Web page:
|Posted by Donna Dawson on June 29, 2016 at 11:10 AM||comments (4)|
With events moving as they are I have had a very firm spiritual nudge that it is time. Am I an eschatologist? No. Am I formally trained? No. But I watch and remember. God has gifted me with a unique brain that files away events. I wish it were equally effective with names and faces but alas, that is not the way He made me. And so, I begin.
We have bought the lie that we will not know when the end times will come. Because of Jesus' statement "you will not know the day or the hour" we have assumed that we won't see it coming at all. If that were the case, why would Jesus take the time to outline the end time events? Was he just spouting off? Did he have nothing better to do and so he tossed out a few cryptic sentences to shut his disciples up? Not likely. He laid out a very detailed road map for the end time believer to understand current events. Why? Well--what better way to validate his ministry and the Word of God than to have such detail come true in exact ways. And so, I begin.
With recent events--the exit of Britain from the European Union--I am compelled to share my opinions. Are they revelations from God? I guess we'll find out. I don't claim to be a prophet any more than I claim to be an eschatologist. I will trust God to lead me down this road and let you interpret as you will.
A few years ago, I made the claim that I believed Canada, United States and Mexico would one day unite and the Anti-Christ would rise out of that union. But, you say, the Anticrist is to come out of the Roman Empire. Well, track with me. When the Roman Empire crumbled, Britain was its furthest outpost. While the government of Rome didn't endure there, the people did. Many Romans had come to settle there or to fight there. It was an extention of the empire and much of its way of governing followed. As Britain rose on the horizon as a world power, it carried with it the essence of Rome and the ancestry of Rome. It grew and usurped nations, including the new world. The United States was nothing more than a branch of Britain which was a branch of the Roman Empire. And then Canada--the final colony--the youngest of the Empire--the 'little horn' of Revelation--possibly. I postulated that the three leaders of this continent would come together and in the shadowing of Daniel 7:7-8 would be devoured by the 'one with iron teeth'. Just today, I read about the coming together of 'the Three Amigos'--the Prime Minister of Canada, Justin Trudeau, the President of the US, Barak Obama and the President of Mexico, Pena Nieto and I couldn't help but wonder if my postulation bucket held any water. We will see. At any rate, it's something to think about.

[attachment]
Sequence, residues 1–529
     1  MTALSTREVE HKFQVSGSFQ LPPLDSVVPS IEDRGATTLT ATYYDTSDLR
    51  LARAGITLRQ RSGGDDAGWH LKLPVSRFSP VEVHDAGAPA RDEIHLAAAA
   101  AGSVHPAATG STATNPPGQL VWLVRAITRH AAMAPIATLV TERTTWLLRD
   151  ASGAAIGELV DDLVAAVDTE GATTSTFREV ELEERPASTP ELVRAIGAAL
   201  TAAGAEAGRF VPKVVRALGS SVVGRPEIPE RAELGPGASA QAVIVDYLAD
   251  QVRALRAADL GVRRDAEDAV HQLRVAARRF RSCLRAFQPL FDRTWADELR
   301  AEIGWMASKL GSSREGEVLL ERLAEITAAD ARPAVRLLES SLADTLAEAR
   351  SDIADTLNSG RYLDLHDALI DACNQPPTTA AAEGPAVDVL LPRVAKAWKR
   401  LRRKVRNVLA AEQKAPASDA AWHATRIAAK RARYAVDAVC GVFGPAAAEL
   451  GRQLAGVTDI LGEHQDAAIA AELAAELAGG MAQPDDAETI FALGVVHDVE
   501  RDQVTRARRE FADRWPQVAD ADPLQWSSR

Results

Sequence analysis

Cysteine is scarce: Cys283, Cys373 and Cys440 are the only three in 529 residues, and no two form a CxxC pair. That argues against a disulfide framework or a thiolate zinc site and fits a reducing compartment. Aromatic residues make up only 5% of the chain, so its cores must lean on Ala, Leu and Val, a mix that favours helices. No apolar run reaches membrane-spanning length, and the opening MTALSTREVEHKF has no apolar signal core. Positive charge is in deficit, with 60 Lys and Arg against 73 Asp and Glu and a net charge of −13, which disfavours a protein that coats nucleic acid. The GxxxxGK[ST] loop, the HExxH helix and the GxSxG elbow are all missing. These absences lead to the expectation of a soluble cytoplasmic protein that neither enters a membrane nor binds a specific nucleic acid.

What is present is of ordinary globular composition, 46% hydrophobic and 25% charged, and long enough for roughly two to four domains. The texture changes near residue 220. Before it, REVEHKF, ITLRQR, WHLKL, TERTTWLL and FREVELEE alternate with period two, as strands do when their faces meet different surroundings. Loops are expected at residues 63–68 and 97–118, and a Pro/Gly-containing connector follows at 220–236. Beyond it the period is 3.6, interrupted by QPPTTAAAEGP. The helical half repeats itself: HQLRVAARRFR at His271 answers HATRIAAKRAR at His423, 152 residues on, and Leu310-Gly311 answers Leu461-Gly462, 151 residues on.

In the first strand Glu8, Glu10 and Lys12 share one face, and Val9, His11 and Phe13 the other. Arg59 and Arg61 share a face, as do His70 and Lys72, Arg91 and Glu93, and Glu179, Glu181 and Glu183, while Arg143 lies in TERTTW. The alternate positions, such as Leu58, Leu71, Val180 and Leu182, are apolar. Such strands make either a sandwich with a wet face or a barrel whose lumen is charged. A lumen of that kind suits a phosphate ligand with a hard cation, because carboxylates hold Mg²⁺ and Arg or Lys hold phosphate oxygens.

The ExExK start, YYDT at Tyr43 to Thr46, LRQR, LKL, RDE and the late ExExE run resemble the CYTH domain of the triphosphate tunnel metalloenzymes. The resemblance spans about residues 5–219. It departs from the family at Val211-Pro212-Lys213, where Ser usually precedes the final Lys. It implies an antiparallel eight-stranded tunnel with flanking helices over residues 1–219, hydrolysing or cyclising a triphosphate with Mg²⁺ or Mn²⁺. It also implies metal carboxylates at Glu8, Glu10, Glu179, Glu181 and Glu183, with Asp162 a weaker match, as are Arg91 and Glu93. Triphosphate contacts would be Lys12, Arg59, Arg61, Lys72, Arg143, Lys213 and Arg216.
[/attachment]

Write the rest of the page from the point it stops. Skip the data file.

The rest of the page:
By the way, the 'time of the Gentiles' as spoken of in Luke 21 is finished. How do I know? In Luke 21 up to verses 23 Jesus aptly describes the destruction of Jerusalem as it happened in A.D. 70. How do I know it applied to that time frame? He talks in verse 24 about captives being led to all the nations. In the end of times in many scriptural references the Bible talks about the Jews being brought back to Israel so it is obvious that this particular refernce can only be describing the dispersion in 70 A.D. But what is fascinating is his statement in the second half of that verse. "and Jerusalem will be trampled underfoot by the Gentiles, until the times of the Gentiles are fulfilled." When speaking with theologians it is a general concensus that the 'times of the Gentiles' is the time frame where Christianity has been spread to the world. That time frame ends based on Jerusalem's schedule. For 2000 years, Jerusalem was tread upon by Gentile shoes--until 1967 when it was recaptured by Israeli soldiers and became, once again, the centre of Jewish life. So it's desolation--its trampling--ended then and with it ended the 'times of the Gentiles'. What is more astounding is that Jesus finishes that chapter with all the signs of the end times. IVerses 31 and 32 arethe pivotal verses of this chapter because they make the bold statement that "So also, when you see these things taking place, you know that the kingdom of God is near. Truly, I say to you, this generation will not pass away until all has taken place." Which generation? He is talking about the generation that sees the end of the desolation of Jerusalem and its reinstatement into Israel. And a generation is 70 years in Biblical terms so...
It explains why the world is quickly coming unglued. He told us we'd see it. He told us the time frame. The only thing we don't have exact timing for is the day or the hour of his coming. Come LORD Jesus, Come!
|Posted by Donna Dawson on January 13, 2016 at 9:20 AM||comments (2)|
(copyright 2015) Donna Fawcett
I walked through the silence of my parents' secrets.
We cannot tell, they say
The children will suffer
And so I travel through the halls of youth
Lost. Confused. Unknowing of who I am.
My mother will say only so much.
He is your grandfather
She is your grandmother
Your great grandfather
And then she stops.
My great grandmother?
Who can say? She averts her gaze.
She doesn't know either
My father will say nothing.
He is from the east.
That is all.
I grow up not knowing the names of my grandparents
Only a vague mental picture of
Two people I've never met.
Why is my brother dark?
Why does my father have blue eyes in a swarthy face?
Why is my mother's hair walnut brown
Yet her skin is the colour of ivory?
Through the passing of years I study the diversity of my siblings
And I know there is something different.
My queries go unanswered.
Who am I?
Canadian? What does that mean?